All of this, we anticipate in 2022 is going to be raised most prominently by stakeholders. What do we mean by stakeholders? We mean employers, customers, regulators, shareholders, and any groups that have a significant direct entry risk in the business. So they will be educated about your business, and will have some pretty strong feelings about what their expectations are of the company.

We know that since George Floyd incident took place, that there's been a heightened environment by the media, public interest groups, the general public, that have generated a response greater than we've ever seen before, probably since the civil rights movement of the 60s, of the public demanding that society, which includes corporate America, do a better job of responding to justice issues, racial justice issues.

So what we'd like to say is we'd like to give you a heads up that there should be some strong thought in corporate America among your leaders, and particularly among our lawyers, about trends that you're going to have to face. And that you're going to have to advise your clients within your organizations, had to do a better job of responding to these kinds of issues. We have three or four examples of things that are taking place today.

First is state mandates and mandatory requirements. Various state agencies, starting with California, which is not unusual that California would be the most aggressive, has come up with an approach that they want to see, they passed the law in the state that says that they want to see diverse representation on boards of directors, starting with women. And then in a subsequent statute, they came back and said they also wanted to see a strong representation by other underserved groups, being minorities and LGBTQ+.

They're the most aggressive, they've been met with the same level of aggression. You'd expect they've been sued in both federal and state courts. What will come of it, we don't know, but it demonstrates a trend of what the expectation is. These regulatory agencies believe that for publicly traded companies and other large companies, they ought to be representative of their investors. So started with state mandates, NASDAQ, talk about a group that is followed quite closely in the market, came up with a more aggressive statement of saying, you have to have at least two diverse members on your board, at least one female, one minority, or LGBTQ+ member.

That probably is a strategy, so that no one can say that it's an unqualified mandate. They said, but if you can't, just publicly explain to everybody why your company singled out can't achieve these goals. SEC, another major impactor for public traded companies in America, has come out with a similar requirement for board nominations. The same thing, if you can't do it, please tell us why you can't do it.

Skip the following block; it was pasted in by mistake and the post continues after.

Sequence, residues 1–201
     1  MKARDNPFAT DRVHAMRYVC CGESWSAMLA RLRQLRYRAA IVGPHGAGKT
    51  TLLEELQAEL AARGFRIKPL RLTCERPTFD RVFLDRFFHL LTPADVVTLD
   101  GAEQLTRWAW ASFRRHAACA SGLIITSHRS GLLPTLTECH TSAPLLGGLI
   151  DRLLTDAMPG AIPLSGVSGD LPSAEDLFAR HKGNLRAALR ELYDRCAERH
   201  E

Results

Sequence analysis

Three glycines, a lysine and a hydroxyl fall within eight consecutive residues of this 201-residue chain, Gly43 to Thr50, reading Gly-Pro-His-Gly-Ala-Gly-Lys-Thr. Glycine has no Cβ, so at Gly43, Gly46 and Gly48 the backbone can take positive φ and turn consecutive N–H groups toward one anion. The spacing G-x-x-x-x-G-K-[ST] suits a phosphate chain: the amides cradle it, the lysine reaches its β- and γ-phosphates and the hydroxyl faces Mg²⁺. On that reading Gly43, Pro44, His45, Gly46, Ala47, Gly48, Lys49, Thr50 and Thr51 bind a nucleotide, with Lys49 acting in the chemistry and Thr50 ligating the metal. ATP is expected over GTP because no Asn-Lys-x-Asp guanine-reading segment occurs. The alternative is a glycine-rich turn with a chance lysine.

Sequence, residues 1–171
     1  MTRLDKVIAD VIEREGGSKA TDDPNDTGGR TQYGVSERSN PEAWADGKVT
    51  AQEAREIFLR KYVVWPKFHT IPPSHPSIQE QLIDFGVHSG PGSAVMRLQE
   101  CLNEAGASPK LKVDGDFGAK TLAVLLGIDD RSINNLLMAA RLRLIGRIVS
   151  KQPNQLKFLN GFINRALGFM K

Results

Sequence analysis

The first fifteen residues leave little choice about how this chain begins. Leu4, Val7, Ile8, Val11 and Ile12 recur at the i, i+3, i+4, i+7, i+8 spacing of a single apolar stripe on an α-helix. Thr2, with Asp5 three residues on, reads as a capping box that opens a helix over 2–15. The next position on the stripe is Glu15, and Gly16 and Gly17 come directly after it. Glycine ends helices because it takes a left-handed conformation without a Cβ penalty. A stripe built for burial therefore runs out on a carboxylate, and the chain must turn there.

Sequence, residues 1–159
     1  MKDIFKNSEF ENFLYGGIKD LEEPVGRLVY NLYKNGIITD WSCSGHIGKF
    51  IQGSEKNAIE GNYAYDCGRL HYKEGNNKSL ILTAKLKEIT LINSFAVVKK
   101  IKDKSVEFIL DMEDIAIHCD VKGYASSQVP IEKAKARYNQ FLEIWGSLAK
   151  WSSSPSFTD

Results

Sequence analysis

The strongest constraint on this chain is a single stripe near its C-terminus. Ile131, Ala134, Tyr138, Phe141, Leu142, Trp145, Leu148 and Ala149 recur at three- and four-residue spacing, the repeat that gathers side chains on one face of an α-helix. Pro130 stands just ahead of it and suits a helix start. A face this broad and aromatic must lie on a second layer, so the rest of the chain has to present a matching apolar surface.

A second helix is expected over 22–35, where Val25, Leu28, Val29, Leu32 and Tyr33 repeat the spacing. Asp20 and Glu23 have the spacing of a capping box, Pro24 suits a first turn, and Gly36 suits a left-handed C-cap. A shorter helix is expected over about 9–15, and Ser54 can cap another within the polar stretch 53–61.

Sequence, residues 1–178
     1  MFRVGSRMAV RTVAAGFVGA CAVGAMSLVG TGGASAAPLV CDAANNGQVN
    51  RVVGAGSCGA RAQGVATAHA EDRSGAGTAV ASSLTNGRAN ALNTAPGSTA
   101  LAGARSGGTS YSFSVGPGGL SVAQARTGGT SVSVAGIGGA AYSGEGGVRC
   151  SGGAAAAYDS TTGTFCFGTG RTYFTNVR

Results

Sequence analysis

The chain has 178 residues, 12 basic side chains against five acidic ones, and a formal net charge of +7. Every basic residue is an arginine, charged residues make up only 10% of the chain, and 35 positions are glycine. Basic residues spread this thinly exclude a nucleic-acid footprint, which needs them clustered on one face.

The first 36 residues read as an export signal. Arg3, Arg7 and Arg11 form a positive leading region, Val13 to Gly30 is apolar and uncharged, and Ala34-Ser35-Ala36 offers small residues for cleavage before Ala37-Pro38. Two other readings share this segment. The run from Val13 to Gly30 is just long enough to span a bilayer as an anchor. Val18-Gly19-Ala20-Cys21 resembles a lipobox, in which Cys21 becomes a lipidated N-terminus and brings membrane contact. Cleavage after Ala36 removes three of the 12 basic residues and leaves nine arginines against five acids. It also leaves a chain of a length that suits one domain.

There are a couple others that are worthy of mention. Agencies like CalPERS or the New York State Department of Financial Services, very influential organizations, giving the same message. Goldman's, there's a whole group of investors. The whole investor class is now saying that they want to see greater diversity, particularly starting with boards of directors, but immediately adding on to board of directors, executive management teams.

Goldman Sachs had said they will not underwrite an IPO unless it has a diverse board of directors. That's a first. Obviously when they, CalPERS, the New York controller, come up with these kinds of requirements, they can't be ignored. I think what all of these represent is the stakeholders movement in this direction. Probably the most powerful stakeholder are your employees. In fact, I'll add an interesting story that I just heard this week that using both the investor hat and the employee stakeholder hat and the employee stakeholder hat. A union has put into a demand that the company in its next board, next annual shareholder meeting come up with a diversity assessment of what they're doing right and wrong in the diversity space. So that's investor pressure, because they're a stockholder, not because they're a union. They're also employees and they're coming together and saying, "It's time that you major corporations start taking some steps to demonstrate that you get it."